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Principles of clinical examination in children 

Principles of clinical examination in children
Chapter:
Principles of clinical examination in children
Source:
Oxford Textbook of Rheumatology (4 ed.)
Author(s):

Sharmila Jandial

and Helen Foster

DOI:
10.1093/med/9780199642489.003.0005_update_002
Previous versions of this chapter are available. To view earlier versions of this chapter view the full site here.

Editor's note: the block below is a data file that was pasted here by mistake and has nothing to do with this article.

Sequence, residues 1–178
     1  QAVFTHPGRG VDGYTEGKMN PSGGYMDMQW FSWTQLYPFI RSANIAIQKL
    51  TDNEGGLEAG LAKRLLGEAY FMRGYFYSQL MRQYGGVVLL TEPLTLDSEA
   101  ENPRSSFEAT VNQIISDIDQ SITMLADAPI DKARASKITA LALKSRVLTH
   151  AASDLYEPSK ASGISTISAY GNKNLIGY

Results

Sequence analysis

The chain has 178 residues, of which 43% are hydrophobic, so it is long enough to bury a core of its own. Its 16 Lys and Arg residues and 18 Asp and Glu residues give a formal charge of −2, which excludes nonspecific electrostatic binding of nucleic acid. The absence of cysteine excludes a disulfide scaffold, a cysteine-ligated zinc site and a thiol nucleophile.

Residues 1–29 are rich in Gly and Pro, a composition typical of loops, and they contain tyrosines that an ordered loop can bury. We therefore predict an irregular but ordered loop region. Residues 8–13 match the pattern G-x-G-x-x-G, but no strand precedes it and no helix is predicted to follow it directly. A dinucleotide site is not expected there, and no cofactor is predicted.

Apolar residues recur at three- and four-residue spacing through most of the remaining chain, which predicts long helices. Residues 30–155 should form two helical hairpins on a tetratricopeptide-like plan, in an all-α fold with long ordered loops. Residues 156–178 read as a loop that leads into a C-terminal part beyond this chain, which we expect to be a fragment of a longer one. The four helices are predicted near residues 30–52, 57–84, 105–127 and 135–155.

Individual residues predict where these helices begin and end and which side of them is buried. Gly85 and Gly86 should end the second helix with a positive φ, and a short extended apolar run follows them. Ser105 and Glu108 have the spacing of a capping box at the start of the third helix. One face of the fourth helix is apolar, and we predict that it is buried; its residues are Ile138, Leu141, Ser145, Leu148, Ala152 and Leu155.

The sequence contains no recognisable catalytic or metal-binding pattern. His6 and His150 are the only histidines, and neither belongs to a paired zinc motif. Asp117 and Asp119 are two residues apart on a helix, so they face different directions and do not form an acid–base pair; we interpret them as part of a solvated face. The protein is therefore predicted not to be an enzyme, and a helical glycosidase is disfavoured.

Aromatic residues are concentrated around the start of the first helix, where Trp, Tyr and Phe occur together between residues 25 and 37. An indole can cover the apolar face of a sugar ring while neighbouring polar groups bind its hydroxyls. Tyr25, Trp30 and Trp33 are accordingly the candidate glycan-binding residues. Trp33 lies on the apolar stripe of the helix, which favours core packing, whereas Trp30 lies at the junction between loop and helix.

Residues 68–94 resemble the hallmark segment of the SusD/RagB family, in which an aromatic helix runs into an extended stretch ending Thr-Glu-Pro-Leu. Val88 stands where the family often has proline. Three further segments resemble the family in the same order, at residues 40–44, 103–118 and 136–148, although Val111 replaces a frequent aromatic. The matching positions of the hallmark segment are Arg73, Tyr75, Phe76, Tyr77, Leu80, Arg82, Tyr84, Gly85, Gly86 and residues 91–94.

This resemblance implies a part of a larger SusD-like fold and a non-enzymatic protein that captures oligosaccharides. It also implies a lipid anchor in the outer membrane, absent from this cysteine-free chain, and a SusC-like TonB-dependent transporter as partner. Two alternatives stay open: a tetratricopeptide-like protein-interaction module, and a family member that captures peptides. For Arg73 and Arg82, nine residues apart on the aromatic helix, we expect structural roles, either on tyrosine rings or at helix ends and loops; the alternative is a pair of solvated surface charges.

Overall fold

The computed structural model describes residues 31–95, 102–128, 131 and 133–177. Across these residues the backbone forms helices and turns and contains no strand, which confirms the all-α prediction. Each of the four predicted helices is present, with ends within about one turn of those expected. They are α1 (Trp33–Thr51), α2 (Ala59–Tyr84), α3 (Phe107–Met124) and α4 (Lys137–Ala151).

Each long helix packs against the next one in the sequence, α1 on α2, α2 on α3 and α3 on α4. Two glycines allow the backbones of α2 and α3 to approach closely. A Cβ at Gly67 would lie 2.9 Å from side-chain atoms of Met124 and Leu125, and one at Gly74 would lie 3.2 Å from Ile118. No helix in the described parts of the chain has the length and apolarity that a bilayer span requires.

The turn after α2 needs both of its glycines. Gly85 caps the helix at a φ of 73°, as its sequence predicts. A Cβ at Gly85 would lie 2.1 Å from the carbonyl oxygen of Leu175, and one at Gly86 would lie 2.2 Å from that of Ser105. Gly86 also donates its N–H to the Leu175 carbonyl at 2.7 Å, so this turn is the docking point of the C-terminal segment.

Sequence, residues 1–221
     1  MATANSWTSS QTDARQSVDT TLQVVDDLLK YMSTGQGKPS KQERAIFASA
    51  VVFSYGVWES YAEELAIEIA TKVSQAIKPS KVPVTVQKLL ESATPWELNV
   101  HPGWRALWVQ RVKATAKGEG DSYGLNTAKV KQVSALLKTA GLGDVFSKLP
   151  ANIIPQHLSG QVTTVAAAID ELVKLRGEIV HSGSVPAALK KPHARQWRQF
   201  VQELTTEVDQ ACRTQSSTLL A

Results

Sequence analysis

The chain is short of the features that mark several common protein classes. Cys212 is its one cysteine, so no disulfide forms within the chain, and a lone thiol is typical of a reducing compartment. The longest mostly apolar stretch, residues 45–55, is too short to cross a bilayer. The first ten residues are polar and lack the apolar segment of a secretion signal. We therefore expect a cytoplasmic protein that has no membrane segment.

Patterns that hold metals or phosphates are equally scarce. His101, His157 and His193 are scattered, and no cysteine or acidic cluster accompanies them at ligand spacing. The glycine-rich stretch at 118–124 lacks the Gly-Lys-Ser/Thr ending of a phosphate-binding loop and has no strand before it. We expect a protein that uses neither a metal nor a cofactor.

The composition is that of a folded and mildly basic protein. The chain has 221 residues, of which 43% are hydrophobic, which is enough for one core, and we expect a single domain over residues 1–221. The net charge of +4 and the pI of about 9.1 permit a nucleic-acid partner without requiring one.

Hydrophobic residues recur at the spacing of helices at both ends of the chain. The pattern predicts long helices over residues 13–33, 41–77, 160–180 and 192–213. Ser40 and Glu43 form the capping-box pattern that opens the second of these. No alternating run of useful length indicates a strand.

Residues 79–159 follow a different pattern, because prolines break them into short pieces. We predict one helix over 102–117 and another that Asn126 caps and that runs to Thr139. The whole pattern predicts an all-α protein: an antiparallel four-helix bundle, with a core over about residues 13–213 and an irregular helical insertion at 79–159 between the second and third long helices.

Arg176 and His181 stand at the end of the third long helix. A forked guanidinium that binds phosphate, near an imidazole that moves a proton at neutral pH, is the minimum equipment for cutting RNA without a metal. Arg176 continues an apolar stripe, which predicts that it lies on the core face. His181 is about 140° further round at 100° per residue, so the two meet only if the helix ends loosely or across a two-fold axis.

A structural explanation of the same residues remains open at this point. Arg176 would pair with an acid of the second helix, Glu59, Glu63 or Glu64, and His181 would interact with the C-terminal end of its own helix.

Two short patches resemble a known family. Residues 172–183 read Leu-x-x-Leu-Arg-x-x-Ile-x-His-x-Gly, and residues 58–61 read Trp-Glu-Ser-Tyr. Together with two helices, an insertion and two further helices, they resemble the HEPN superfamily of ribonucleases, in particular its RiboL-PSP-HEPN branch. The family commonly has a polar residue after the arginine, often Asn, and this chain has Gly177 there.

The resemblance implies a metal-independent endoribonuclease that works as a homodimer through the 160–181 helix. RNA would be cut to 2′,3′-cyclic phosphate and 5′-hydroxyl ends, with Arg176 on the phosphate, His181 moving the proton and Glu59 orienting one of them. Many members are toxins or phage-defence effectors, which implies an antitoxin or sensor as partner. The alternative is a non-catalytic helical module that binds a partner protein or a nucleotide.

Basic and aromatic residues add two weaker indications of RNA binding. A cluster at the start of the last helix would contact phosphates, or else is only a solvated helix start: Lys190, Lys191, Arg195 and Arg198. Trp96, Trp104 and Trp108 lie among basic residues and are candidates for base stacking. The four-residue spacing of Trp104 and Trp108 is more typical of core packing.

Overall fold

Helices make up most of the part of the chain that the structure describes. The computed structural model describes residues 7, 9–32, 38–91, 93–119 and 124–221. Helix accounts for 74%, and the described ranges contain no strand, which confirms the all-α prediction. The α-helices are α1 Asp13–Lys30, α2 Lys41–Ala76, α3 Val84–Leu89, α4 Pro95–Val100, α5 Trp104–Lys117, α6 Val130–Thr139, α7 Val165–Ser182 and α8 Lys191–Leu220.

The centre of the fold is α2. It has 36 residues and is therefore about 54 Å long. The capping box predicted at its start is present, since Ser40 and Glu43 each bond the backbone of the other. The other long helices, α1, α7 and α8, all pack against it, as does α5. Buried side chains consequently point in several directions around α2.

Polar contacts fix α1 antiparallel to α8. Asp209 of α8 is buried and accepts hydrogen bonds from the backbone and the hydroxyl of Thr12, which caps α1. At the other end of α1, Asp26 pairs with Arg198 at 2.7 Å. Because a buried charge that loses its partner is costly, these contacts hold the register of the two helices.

The clinical examination of children and adolescents is an essential component of assessment, facilitates appropriate interpretation of investigations and is integral to the process of making a diagnosis. The clinical assessment of children and young people differs from that of adults, requiring greater reliance on physical examination as the history may be vague and illocalized and requires knowledge of normal musculoskeletal development, normal motor milestones and different patterns of clinical presentations across the ages. The interpretation of clinical findings needs to be in the context of the whole child and the clinical presentation. The degree of expertise required in clinical skills varies with the clinical practice of the examiner and ranges from the basic screening assessment to a more detailed examination of joints, muscles and anatomical regions. The evidence base for clinical assessment in children and young people is accruing and undoubtedly, competent clinical skills requires learning to be embedded in core child health teaching and assessment starting at medical school and reinforced in postgraduate training.

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